I’m a loser, baby / So why don’t you kill me?” That’s Beck and his breakout “Loser” from 1993 — a song where rap, sitar, steel guitar and a little Spanish can live together. It was a surprise mainstream hit, and Beck has continued to surprise his fans ever since — including his new release, Colors. I’m willing to bet few Beck fans would have predicted a big, shiny, accessible pop album. That’s how I hear Colors.

In this session, I talk to Beck about how he hears it, and which song his kids saved from the cutting room floor. Plus, we’ll dig back into some of the early experiences that shaped Beck’s approach — including how the helicopters and hecklers of his East L.A. childhood neighborhood worked their way into 2005’s Guero. Hear the complete session with Beck in the player above.

The Mystery And The Magic Of Giving Thanks

Nov 22, 2017   //   by Administrator   //   News from US  //  Comments Off on The Mystery And The Magic Of Giving Thanks

Roosters floating in the celestial sky

Roosters floating in the celestial sky

This Thanksgiving I will be thinking about turkey, of course.

But also about chickens and roosters.

I now live in the United States, but I grew up in Ghana, where there is no national holiday of Thanksgiving. But giving thanks is a very important part of my culture.

Almost every week my father would sacrifice chickens to the rivers, the mountains, the ancestors and the gods. It was his way of expressing thankfulness for his blessings: 7 wives, 32 children — and none of them had become blind, as was common in my village, or crippled, probably by polio, which was circulating in Ghana at that time.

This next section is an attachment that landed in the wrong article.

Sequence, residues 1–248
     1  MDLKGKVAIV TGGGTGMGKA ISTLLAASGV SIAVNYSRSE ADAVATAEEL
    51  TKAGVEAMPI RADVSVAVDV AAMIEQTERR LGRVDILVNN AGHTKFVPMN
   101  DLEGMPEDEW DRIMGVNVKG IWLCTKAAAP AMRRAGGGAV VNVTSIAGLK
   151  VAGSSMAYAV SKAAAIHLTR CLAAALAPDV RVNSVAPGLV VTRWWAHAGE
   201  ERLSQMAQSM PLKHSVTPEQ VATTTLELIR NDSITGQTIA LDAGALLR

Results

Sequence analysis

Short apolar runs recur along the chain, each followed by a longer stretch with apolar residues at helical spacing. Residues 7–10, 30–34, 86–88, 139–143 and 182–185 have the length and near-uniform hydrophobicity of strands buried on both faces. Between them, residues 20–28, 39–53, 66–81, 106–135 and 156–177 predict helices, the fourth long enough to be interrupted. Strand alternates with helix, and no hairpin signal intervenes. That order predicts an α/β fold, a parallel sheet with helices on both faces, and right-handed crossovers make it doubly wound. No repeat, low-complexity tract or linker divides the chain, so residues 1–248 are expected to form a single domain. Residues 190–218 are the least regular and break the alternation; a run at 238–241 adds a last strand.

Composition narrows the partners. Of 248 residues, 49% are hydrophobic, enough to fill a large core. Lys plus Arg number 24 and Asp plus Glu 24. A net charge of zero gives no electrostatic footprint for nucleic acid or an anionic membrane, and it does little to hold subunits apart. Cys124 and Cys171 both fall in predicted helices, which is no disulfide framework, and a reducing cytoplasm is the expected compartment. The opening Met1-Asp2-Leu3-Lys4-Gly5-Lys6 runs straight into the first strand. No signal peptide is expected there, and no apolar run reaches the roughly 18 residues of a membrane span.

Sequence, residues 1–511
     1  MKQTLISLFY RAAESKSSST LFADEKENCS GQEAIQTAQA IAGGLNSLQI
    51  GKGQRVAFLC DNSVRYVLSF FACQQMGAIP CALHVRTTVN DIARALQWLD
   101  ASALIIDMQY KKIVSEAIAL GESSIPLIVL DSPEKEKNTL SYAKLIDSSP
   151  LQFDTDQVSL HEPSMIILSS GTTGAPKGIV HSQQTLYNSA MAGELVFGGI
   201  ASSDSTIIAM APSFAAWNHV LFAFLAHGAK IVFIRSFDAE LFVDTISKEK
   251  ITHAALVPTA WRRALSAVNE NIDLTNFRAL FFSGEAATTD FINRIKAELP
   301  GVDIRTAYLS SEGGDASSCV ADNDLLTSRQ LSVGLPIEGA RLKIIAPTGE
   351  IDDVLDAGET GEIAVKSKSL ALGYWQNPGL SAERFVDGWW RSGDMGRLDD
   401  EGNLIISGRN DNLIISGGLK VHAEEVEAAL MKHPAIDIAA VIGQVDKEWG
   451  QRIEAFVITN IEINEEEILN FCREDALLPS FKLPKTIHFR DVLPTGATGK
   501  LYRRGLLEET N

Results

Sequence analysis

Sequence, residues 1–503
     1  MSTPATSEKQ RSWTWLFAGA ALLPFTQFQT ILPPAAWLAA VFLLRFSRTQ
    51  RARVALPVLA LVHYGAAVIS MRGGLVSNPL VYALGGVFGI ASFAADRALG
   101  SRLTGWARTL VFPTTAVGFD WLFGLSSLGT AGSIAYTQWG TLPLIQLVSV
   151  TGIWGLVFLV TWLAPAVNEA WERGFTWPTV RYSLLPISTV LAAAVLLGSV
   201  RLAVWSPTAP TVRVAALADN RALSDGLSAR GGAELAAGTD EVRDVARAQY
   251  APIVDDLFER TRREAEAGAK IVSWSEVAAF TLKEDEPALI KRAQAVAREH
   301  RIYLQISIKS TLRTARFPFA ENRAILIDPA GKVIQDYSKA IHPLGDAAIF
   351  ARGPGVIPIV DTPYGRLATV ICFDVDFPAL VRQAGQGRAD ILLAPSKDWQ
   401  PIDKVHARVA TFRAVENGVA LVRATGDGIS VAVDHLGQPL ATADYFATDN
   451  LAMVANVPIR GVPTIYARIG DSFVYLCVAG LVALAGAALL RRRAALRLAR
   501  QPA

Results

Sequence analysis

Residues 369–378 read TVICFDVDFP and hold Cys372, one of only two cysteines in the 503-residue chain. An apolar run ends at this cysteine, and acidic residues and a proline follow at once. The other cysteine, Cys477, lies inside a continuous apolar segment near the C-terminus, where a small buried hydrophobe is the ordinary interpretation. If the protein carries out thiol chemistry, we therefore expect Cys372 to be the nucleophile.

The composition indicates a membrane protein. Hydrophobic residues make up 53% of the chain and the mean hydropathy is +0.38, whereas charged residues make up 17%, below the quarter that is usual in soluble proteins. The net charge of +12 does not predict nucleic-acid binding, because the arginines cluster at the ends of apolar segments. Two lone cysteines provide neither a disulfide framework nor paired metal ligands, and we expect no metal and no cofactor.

We all believed that a failure to give thanks could have serious consequences.

During my last year in high school I was seriously sick with what I now think was mumps. I could not swallow water nor food, and I was sent home from my boarding school.

The next morning around 4 a.m. my uncle started the six-hour journey on his bicycle to visit an oracle in a neighboring village. He wanted to know why I was sick.

The oracle told him that the river god, my ancestors and the god of the land were all angry that they have been protecting my family for the past several years and that we had failed to give thanks for their blessings and protection — and that any delay to address this lack of thankfulness would cost my life.

In fact, the week before my sickness, two young people died in the village. Everyone said it was because of failing to give thanks.

In my village, we also believed that the failure to give thanks to the gods could result in poor rainfall leading to poor crop yield.

Today, I am not sure if all bad outcomes are the result of failing to give thanks to the gods.

I’m now a student in public health at Johns Hopkins University. With my present knowledge of diseases, I am certain that illness and death are not caused by angry gods or ancestors.

But there’s a mystery I cannot explain. When I was growing up in Ghana, it seemed that whenever people made sacrifices as a way of giving thanks, the sick person would get better. And if families failed to offer a chicken sacrifice, the opposite would happen.

Is A Placebo A Sham If You Know It's A Fake And It Still Works?

How The Brain Powers Placebos, False Memories And Healing

Some people may call this the placebo effect, as NPR wrote last year about a new study: “Placebos can make people feel better.” In one study of asthma patients, some took an active drug; others had a placebo inhaler or a fake acupuncture treatment. The reporter wrote: “The reported improvements were better than in patients given no treatment at all.”